New Jersey Doctor Didn’t Wash Hands Between Patients, 41 Patients Suffered Serious Knee Infections

162017_132140396847214_292624_nA New Jersey doctor reportedly told New Jersey Health Department investigators that she did not follow basic hand washing hygiene procedures between treating patients at a Jersey Shore medical clinic, thereby leading to 41 patients developing septic arthritis of their knees. The doctor allegedly also failed to check her patients’ vital signs before injecting them with medications to relieve their knee pain.

The investigators reportedly found that the clinic re-used single-use vials of an injectable contrast agent up to 50 times, which could allow the spread of infections from patient to patient. Instead of placing used needles and syringes in receptacles approved for medical waste, they reportedly were disposed of in regular trash containers.

The investigators identified 41 patients who were treated at the Jersey Shore medical clinic who developed septic arthritis in their knees, of which 29 patients required surgery in order to treat their infections. Seventeen of the patients filed medical malpractice lawsuits in New Jersey against the clinic on May 8, 2017, for the harms they suffered as a result.

The clinic allegedly treated up to 85 patients per day in its two exam rooms, injecting them with hyaluronic acid that the patients were told would relieve their pain, despite a finding by the American Academy of Orthopaedic Surgeons in 2013 that there was insufficient evidence to justify its use for said purposes (“Intra-articular hyaluronic acid is no longer recommended as a method of treatment for patients with symptomatic osteoarthritis of the knee.”).

The investigators expressed additional concerns regarding the New Jersey clinic, including the use of nonsterile gloves when performing injections and placing unwrapped sterile needles and syringes in bins under a prep table for later use. The inspectors recommended in their report that the clinic dispose of all opened vials of medication; discard all needles and syringes that were unwrapped and stored in bins; place hand sanitizer in all patient care rooms and the medication room; and, perform hand hygiene in accordance with the Centers for Disease Control and Prevention guidelines and educate the medical staff about proper procedures. Source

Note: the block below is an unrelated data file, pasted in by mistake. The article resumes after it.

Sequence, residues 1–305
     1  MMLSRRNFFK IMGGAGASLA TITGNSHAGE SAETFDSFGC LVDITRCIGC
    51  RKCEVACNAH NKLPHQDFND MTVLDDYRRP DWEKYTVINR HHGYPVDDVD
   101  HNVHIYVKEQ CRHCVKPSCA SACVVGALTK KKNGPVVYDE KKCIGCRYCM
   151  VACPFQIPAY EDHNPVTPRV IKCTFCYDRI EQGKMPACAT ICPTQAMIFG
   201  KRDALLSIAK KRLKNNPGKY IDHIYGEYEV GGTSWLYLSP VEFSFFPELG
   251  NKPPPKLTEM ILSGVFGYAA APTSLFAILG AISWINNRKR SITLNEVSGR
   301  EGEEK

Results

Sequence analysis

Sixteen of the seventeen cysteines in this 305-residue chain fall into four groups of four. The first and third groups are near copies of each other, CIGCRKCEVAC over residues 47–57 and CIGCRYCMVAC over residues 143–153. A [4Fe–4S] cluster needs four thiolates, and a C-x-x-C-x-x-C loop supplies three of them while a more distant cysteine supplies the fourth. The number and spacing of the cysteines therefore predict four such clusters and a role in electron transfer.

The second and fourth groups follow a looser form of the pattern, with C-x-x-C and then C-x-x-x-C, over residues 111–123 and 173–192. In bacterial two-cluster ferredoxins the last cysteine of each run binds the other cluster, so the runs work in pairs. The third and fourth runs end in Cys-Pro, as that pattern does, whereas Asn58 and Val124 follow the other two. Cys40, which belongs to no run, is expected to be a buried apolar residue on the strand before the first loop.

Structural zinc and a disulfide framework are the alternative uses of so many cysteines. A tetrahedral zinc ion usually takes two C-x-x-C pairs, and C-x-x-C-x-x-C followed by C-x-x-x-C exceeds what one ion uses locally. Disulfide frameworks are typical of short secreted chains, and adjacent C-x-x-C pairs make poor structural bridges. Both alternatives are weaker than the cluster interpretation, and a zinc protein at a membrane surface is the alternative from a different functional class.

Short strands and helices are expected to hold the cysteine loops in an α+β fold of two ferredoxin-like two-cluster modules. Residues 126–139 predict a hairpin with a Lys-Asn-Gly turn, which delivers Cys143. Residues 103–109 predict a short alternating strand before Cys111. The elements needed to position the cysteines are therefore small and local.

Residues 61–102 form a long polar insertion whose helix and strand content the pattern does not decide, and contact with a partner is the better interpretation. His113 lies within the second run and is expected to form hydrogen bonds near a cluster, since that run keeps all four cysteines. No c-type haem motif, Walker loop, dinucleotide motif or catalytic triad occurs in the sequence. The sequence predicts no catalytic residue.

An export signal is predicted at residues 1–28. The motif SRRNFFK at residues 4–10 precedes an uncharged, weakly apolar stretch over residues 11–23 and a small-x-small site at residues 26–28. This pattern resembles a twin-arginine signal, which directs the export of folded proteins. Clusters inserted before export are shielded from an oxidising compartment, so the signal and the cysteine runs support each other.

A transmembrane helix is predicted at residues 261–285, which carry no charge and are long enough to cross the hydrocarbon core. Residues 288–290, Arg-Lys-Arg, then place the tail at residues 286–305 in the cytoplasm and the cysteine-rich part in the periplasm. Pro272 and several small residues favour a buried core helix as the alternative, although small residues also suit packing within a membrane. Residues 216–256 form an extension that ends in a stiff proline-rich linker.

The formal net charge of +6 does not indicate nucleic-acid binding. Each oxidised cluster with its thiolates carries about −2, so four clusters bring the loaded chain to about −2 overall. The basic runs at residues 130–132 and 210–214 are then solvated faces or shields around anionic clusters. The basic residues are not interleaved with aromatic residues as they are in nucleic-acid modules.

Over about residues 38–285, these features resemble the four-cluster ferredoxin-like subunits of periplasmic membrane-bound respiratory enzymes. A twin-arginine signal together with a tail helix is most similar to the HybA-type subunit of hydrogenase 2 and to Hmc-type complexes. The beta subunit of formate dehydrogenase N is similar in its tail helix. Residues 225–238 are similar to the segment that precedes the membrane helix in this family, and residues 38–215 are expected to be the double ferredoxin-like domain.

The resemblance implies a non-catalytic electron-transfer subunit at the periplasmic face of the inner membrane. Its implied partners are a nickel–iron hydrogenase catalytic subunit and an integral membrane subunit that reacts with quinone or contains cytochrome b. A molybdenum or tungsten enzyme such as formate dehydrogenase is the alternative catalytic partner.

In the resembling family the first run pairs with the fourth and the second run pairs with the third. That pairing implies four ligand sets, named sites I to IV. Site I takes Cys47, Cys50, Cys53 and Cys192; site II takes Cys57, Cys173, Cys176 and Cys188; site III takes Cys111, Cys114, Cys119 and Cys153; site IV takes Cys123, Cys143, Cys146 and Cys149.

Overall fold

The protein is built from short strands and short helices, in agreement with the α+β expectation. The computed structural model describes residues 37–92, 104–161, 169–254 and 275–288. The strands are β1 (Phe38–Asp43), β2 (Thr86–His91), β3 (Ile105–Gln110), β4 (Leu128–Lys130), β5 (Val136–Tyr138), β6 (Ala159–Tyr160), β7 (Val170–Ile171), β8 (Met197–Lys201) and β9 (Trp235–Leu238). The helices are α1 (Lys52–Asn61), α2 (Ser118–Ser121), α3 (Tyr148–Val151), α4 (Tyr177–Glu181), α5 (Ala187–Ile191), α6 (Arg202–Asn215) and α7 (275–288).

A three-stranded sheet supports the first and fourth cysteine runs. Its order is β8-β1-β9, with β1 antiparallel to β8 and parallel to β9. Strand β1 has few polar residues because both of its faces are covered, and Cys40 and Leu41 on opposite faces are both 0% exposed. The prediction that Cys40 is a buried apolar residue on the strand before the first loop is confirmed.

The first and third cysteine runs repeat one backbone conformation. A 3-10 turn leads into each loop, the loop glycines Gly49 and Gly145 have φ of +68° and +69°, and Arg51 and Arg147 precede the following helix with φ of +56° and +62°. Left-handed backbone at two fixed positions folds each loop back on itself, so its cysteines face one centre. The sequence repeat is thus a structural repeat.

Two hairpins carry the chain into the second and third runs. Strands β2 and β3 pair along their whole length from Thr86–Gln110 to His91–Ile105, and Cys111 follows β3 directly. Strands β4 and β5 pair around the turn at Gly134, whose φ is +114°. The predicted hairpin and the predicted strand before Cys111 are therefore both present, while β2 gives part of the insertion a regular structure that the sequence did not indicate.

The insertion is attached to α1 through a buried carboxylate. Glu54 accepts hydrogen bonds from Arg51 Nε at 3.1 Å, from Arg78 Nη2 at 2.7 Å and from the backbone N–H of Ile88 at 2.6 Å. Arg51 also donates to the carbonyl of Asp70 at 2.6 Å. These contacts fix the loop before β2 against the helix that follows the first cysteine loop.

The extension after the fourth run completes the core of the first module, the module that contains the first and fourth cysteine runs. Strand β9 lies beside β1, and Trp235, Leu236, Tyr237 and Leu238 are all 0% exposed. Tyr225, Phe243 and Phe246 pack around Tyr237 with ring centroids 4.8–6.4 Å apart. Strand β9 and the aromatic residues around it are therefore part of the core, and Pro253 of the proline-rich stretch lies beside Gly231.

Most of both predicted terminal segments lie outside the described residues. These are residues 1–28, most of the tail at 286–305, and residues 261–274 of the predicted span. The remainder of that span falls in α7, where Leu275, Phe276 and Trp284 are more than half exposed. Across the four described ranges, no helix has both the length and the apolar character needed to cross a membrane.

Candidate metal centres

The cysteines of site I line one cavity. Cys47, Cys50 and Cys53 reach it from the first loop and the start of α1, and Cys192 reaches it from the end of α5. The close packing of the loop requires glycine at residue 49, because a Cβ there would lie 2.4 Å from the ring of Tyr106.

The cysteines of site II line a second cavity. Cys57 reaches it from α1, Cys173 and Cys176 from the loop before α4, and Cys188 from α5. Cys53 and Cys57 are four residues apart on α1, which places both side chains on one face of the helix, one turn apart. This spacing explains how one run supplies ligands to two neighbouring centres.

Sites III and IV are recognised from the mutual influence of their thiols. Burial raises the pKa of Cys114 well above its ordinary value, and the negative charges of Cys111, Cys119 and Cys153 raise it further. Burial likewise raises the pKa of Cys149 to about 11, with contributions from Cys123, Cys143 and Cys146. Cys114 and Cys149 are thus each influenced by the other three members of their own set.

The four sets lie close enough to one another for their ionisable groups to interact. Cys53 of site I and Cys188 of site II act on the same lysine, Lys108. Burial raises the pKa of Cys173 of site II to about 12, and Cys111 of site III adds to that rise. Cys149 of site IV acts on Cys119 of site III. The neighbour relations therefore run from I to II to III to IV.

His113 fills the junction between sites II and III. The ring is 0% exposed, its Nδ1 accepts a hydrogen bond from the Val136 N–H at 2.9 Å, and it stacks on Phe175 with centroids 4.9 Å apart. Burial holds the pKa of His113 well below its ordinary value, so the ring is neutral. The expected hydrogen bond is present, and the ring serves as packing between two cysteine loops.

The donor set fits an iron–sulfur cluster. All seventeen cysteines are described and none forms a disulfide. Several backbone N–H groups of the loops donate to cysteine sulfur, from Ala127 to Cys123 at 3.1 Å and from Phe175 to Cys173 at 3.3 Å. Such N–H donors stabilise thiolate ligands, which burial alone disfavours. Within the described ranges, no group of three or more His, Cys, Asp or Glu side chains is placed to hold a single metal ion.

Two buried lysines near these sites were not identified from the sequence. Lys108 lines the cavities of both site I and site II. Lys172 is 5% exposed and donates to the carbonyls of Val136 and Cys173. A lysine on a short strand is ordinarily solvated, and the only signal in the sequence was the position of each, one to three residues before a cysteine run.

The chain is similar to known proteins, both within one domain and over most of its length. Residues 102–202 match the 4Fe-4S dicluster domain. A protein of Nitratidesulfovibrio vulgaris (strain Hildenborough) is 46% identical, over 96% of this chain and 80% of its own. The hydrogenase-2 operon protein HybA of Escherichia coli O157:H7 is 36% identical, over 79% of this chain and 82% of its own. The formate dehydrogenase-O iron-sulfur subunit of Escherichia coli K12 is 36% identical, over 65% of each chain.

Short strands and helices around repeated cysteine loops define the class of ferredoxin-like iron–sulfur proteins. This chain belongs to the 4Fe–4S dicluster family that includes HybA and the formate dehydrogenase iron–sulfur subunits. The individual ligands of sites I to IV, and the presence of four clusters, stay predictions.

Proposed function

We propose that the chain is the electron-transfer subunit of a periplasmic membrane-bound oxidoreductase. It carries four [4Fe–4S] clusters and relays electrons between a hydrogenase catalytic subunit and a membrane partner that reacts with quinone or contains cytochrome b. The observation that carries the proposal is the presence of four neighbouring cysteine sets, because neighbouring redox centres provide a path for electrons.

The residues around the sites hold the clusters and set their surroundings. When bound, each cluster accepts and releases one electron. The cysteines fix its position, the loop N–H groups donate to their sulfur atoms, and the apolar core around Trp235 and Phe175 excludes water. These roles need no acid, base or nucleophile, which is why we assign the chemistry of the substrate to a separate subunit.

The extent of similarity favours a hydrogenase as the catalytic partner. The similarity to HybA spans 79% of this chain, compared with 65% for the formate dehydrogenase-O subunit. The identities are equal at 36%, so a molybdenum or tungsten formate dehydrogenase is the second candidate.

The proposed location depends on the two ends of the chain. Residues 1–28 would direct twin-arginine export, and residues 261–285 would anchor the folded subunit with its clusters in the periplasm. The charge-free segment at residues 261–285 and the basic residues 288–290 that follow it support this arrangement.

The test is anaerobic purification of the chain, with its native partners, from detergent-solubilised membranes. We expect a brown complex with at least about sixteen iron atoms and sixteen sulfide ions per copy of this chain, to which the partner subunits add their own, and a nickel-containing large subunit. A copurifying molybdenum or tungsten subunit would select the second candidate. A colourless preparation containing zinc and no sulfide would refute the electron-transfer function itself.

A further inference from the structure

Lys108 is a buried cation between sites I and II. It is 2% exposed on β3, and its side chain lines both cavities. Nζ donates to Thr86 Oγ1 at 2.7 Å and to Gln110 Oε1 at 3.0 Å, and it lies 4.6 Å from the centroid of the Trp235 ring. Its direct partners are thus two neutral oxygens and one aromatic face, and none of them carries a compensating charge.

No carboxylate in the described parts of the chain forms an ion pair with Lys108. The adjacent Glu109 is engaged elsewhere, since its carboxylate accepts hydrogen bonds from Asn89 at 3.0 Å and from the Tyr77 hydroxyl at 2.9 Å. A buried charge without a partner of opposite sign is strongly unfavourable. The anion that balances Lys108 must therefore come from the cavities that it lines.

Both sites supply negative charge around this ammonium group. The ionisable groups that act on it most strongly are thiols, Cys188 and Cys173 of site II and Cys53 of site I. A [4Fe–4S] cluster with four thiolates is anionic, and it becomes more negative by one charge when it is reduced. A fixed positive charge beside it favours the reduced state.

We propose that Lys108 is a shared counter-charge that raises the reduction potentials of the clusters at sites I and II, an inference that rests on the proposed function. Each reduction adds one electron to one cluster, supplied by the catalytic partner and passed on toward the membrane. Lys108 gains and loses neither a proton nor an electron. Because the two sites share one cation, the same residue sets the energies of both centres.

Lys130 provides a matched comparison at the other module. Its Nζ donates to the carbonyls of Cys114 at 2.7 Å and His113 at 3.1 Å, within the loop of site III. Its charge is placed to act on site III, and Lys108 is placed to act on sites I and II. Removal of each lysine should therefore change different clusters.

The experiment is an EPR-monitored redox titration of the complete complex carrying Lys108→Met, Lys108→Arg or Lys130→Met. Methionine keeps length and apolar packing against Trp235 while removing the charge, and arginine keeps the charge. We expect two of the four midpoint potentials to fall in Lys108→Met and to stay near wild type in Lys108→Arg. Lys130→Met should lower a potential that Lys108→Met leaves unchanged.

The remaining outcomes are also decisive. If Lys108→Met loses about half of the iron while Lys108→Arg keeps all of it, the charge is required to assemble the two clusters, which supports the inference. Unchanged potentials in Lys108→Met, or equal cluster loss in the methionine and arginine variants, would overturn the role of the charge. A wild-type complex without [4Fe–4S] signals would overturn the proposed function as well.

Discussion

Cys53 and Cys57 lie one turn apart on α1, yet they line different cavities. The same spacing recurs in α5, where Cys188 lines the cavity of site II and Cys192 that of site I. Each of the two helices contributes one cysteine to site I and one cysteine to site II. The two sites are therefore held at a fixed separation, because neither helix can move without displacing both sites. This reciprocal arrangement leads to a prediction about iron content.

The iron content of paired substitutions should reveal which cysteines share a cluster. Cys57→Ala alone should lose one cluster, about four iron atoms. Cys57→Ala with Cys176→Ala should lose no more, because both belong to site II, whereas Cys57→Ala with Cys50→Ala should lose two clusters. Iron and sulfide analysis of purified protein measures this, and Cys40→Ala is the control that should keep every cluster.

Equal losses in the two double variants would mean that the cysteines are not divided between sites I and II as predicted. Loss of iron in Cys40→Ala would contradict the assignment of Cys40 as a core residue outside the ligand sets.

The New Jersey medical malpractice lawsuits allege, in part, that the clinic negligently failed to properly diagnose the condition of the patients, failed to refer the patients to medical personnel who had the proper skill and medical training, carelessly maintained its premises, equipment, instruments, materials, and medications, and deviated from accepted medical standards. Source

The New Jersey clinic voluntarily closed down its operations on March 7, 2017 but re-opened two weeks later, although the doctor who reportedly did not wash her hands between patients is no longer providing medical treatment at the clinic.


If you or a loved one acquired a serious infection from a health care provider, a nursing home, a clinic, or another health care facility in New Jersey or in another U.S. state that may be due to inadequate or improper infection control, you may be entitled to compensation for your economic losses and noneconomic damages such as pain and suffering, mental anguish, and/or disfigurement caused by the medical negligence.

Visit our website or call us toll-free in the United States at 800-295-3959 to find medical malpractice lawyers in New Jersey or in your state who may investigate your medical malpractice claim for you and represent you in a medical malpractice case, if appropriate.

Turn to us when you don’t know where to turn.

This entry was posted on Wednesday, May 31st, 2017 at 5:24 am. Both comments and pings are currently closed.

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